Are you wondering how to immigrate to Canada? Canadian immigration can be a complicated process, and many people aren’t quite sure how to do it. Whether you want to move temporarily or permanently, there are plenty of legal ways to do it. We’ve broken Canadian immigration down into three categories to give you an idea of how to proceed.
1. Study Permits Canada
If you’re a student or want to be one, you can take advantage of Canada’s offerings for a world-class education. According to ThePieNews, the number of international students entering Canada increased by 22 percent from 2016 to 2017. According to Moving 2 Canada, tuition fees for Canadian educational institutions tend to be lower than in other countries, which makes the country an enticing draw for people wishing to further their education.
As an international student in Canada, you can bring your spouse or partner with you. Your children can attend a public school without the need to obtain their own permit. Moreover, the government has clear pathways for earning permanent residency after you graduate.
You can get a study permit whether you decide to enroll at a Canadian school full-time or part-time. However, you will only be allowed to work in Canada (on or off-campus) if you are attending school full-time.
Find A Study Program At A Canadian College Or University
If you’re considering staying in Canada as a student for longer than six months, the first step is to find a program of study that you’d like to enroll in at a designated learning institution, or DLI. These institutions are approved by the government to host international students. Once you have found a program in which you’d like to enroll, you can check whether the school is a DLI using this online tool.
Apply To A DLI
Before requesting a study permit, you need to be accepted to the DLI of your choice. Every school has a distinct application process. Make sure that you follow instructions and meet all of the deadlines.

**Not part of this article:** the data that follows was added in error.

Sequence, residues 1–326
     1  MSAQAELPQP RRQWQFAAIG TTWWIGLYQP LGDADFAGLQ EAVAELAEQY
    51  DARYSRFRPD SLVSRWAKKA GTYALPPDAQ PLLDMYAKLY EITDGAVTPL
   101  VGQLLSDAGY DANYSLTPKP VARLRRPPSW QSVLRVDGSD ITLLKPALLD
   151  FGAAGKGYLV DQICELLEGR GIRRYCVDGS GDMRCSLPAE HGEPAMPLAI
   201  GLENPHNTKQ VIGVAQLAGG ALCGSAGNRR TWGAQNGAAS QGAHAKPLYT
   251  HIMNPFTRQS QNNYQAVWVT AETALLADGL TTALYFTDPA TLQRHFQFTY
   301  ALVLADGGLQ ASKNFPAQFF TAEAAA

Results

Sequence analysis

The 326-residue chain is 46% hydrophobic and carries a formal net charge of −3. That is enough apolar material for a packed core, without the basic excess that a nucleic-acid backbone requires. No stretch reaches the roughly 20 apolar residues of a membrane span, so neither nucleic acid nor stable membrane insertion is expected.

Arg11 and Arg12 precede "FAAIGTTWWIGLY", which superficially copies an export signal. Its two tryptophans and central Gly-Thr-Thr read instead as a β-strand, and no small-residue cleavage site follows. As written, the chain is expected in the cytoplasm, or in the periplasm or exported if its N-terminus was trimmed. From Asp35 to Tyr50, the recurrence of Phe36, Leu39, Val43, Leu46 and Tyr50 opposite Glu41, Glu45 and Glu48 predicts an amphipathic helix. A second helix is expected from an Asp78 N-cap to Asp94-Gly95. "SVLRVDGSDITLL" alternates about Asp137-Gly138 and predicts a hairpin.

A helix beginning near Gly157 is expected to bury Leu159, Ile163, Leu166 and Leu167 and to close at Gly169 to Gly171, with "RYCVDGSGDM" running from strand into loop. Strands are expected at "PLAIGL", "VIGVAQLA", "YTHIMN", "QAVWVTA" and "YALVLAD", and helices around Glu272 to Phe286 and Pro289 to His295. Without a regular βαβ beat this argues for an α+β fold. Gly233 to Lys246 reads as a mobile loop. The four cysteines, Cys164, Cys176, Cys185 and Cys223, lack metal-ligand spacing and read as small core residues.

Be careful if you’re considering a program that involves a great deal of distance learning. Because you don’t have to be physically in Canada to study via distance learning, a study permit can’t be issued for that type of course. If a distance course requires you to be present in Canada for examinations or certain classes, a study permit can be issued for a specific length of time.
Apply For A Study Permit
Once you’re accepted, you’ll need to get a letter of acceptance from the DLI. Along with that, you’ll need to show proof of identity and proof that you can support yourself and your family financially while you’re in Canada. You’ll also need to draft a letter of explanation that explains why you want to study in Canada and that you recognize your responsibilities as a student.
You can apply for a study permit here.
2. Work Permits
There are different types of work permits that allow you to come to Canada temporarily or permanently. We’ll discuss those that are appropriate for permanent residency in the next section of this article.
Post-Graduation Work Permit
If you’ve graduated from a post-secondary Canadian school, you can start to create a long-term life in the country with a post-graduate work permit. This open work permit lets you stay and work in Canada for up to three years. The length of the post-graduate work permit depends on the length of study that you completed.
Because the work permit is open, you can be employed in any field and by any company. If you’re working toward one of the permanent residency programs, which we describe in the section on Permanent Residence, however, you might want to narrow your work experience to one employer or industry.
Temporary Foreign Worker Program
When Canadian employers can’t find the right people to fill their positions, they can look to other countries through the Temporary Foreign Worker Program. If you have put down roots in Canada by working temporarily for a Canadian employer, you may be able to transition to permanent residency. You can visit Canada as a temporary business visitor without a work permit, but your visa will only allow you to stay for up to six months.
NAFTA and CETA
If you’re a professional from the U.S. or Mexico who works in certain industries, you can work in Canada temporarily under the North American Free Trade Agreement. A NAFTA Professionals work permit covers a wide range of about 60 occupations. You must be a citizen of the U.S. or Mexico, hold a degree or certificate in your field, and have pre-arranged employment with a Canadian employer. NAFTA also applies to certain investors, traders and intra-company transferees.
CETA is similar to NAFTA, but it targets professionals from the European Union.
International Experience Canada
The International Experience Canada (IEC) program allows young people to work in Canada temporarily. Depending on the country you’re from, the age range for the IEC is between 18 and 35 years. Citizens of specific companies can only stay until their 29th or 30th birthday.